It was late afternoon by the time our gear was organized, food divided, and Alpacka Gnarwhals rigged. A few hours of paddling and a handful of rapids transported us into a lost world.

Surreal Beauty: Paddling La Venta

For the next three days we didn’t see or hear another soul. Arriving at a sandy beach near dusk, we assembled our Hyperlite Ultamid 2 tent with ease and threw together a quick dinner.

For all international trips, I bring an MSR Dragonfly Stove, which I’ve owned for nearly a decade. It runs on any type of fuel you can find (regular gasoline in this case), and repair is relatively easily. We crashed soon after dinner, worn out from a long, unpredictable day.

Light rain woke us in the morning. We made coffee, shuffled some gear, and pointed our Alpacka Raft Gnarwal packrafts downstream. Wyatt and I have kayaked since we were kids – the act itself feels like an old, familiar friend. Paddling together filled the two of us with youthful energy.

The next couple days seemed to bend space and time. Every corner we rounded opened up a chorus of expletives from both of us. Words and photos don’t do this river justice.

La Venta is unrelenting with surreal beauty and visceral rawness. Massive white walls climb hundreds of feet above the river. Lush green canopies dangle vines down to the water. Rain and mist dance through the valley.

Whitewater sets string one after another, with hours of eddy hopping and wave surfing. Waterfalls seem to pour from the rock itself. Towering caves, clambering monkeys, birds of all colors and sizes – Avatar jokes finally make sense to me.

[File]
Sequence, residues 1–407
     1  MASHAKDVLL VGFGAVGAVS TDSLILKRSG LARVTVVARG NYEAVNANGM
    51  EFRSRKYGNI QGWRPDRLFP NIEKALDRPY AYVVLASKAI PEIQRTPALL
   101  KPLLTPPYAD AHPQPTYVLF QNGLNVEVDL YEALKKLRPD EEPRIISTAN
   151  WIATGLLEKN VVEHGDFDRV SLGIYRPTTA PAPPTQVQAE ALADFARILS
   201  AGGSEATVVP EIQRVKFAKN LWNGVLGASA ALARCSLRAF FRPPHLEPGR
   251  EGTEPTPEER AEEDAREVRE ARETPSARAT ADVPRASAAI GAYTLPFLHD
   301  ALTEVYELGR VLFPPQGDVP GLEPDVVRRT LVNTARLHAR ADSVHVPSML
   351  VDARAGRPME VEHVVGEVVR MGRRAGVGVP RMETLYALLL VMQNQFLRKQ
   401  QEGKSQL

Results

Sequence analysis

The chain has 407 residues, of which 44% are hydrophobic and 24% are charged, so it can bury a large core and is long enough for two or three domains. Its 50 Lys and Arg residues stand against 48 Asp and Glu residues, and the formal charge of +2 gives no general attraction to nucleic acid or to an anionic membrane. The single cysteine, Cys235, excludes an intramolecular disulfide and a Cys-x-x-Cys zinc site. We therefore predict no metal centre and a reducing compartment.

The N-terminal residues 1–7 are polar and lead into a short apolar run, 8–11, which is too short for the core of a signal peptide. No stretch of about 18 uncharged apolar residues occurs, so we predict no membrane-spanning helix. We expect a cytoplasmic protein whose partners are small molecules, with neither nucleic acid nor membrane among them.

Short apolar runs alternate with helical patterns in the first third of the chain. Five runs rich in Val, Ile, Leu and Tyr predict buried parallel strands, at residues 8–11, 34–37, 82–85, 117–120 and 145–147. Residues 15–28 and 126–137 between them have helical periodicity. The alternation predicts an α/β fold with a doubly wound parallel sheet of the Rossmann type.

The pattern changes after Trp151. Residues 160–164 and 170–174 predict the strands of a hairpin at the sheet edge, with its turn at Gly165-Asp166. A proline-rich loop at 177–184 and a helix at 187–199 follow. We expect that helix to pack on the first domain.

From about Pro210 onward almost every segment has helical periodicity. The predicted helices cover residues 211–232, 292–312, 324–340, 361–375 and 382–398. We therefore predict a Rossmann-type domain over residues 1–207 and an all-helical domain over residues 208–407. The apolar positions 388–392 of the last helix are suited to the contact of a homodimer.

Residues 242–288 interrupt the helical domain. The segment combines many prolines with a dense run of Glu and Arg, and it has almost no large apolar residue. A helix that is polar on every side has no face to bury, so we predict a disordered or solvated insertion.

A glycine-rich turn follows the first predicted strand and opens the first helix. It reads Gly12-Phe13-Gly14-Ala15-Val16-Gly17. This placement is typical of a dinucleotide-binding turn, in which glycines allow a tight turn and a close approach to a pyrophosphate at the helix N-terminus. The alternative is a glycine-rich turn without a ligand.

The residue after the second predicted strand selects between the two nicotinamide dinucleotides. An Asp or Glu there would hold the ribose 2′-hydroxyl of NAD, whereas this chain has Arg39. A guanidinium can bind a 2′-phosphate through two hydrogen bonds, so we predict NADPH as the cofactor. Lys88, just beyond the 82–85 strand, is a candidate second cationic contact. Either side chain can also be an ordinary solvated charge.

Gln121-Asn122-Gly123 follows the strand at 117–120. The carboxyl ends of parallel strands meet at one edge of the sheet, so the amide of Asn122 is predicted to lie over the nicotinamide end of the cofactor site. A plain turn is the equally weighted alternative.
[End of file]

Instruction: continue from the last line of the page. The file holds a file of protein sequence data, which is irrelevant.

The crux of the river sits just past halfway – two heinous portages and a must-run class IV called Complicado that more than lives up to its name. Parties must navigate a fast-flowing boulder field laden with nasty holes and strainers. Steep cliff walls on both sides give no other options.

Once through, a narrow and placid stretch of water is a reward. The river grows in volume near the end, with big drops and powerful waves. Looking back, there were probably over 100 unique rapids.

The Long Road Home

It would be easy to spend a week on the La Venta and still beg for more. Yet, as with most trips, we had flights to catch. On our fourth morning we found our way to the river delta and paddled our final 10 kilometers across the lake to a small, boat-access-only town.

A few hours drying out gear, a ferry across the rest of the lake, a taxi to the town center, a bus back to Tuxtla, and a taxi to the hotel consumed the rest of the day.

feature image bikerafting sacred headwaters
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We feasted on street tacos and found WiFi to let our friends and family know we were safe. At that point, it didn’t seem real. It still doesn’t. We’re lucky to have found such a hidden gem.

My advice for all searching for solitude and comfortable paddling class III+ water: Go now, and paddle with care and respect.